READINGS FOR BUREAUCRATS
John N. Warfield
© John N. Warfield, 1997
Bureaucrats (in government, industry, and education) are essential, pivotal actors in today's intricate world. Frequently they are overworked, and lack the time to read or study much beyond the immediate or anticipated needs of their daily work. Because they are vital players in affairs affecting many people, the potential benefits of their increased understanding are high. But the volume of material to choose from is overwhelming.
The author has been studying complexity for almost 30 years. During this period, a great deal of literature has been read. Now it is possible to select from that very large literature those readings which are believed to be the most valuable available. In what follows, I identify these readings, and I give a short description of why I think each is valuable.
The reader who reads only one of these will probably not gain a lot. The greatest value will come in thinking about how these readings reinforce each other: how the ideas from one merge readily with ideas from others; and how the total vision can provide a degree of coherence and a level of depth not likely to be gained in any other way. It is not a short-term adventure.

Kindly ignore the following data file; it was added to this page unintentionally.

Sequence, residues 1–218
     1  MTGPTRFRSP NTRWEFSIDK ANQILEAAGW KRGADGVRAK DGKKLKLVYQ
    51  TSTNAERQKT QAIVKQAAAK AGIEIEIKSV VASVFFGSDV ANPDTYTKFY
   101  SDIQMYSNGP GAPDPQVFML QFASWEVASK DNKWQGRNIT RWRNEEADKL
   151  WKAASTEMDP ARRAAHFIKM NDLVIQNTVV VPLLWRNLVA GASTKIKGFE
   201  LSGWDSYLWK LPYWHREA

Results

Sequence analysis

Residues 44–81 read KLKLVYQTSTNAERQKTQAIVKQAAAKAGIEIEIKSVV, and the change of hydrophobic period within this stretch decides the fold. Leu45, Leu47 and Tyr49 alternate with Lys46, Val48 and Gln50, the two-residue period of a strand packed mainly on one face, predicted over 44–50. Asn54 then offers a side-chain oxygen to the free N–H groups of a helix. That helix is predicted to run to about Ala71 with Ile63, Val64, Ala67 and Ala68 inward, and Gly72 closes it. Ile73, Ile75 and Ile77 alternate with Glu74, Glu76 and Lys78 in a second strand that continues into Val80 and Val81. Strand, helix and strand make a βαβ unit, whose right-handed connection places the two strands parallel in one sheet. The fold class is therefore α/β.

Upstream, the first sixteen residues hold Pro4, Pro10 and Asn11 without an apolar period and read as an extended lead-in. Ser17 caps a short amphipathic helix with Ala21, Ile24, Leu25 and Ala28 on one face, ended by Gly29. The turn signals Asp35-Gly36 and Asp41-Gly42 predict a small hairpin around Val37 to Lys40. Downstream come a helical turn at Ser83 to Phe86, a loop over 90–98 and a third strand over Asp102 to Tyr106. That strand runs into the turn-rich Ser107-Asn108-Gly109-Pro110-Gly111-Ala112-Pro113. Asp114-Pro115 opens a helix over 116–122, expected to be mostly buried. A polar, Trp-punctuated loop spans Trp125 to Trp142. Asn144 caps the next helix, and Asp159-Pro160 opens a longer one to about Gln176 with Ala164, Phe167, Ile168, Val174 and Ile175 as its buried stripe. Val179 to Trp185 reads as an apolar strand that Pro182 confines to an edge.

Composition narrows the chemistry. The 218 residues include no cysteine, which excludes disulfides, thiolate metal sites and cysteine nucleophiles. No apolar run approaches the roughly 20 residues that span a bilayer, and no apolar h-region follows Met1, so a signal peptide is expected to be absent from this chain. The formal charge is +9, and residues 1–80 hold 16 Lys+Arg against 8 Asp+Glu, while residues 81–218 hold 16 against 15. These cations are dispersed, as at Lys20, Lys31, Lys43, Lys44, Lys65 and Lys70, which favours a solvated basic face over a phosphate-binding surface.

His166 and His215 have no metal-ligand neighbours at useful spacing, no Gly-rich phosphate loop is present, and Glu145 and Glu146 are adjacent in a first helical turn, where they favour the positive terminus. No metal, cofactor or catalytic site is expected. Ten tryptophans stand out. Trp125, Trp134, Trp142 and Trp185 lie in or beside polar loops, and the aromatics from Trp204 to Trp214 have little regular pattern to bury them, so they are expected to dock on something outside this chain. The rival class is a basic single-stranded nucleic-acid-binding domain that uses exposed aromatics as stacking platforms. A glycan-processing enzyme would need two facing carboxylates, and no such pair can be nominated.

In what follows, the various key authors are listed in alphabetical order, and a brief discussion of the nature of their work is given. In a few instances, "Supportive References" are identified for a particular author. These support and, sometimes, extend the thinking of the key author. After the total listing concludes, a second section presents briefly a perspective on how these authors reinforce each other to yield a picture having some contemporary policy relevance.
The central message is this. There now exists a scientific basis and an implementable process, thoroughly documented and tested, for enhancing greatly the ability of people and organizations to cope with the complexity of todays society. But this basis and this process are relatively submerged by a plethora of ill-based panaceas that have much greater visibility. The steady diet of massive social waste somehow does not get connected to the use of poor processes. Perhaps if bureaucrats can be challenged to dig deeper into the fruits of history, this situation could change.
PART 1. THE AUTHORS
Aristotle (384 B. C.-322 B. C.)
Aristotle I. The Categories, On Interpretation, Prior Analytics (1938 + reprints later)
Translated by H. Cooke and H. Tredennick (1983)
London: William Heinemann, Ltd.
ISBN: 0 434 99325 5 (British Edition)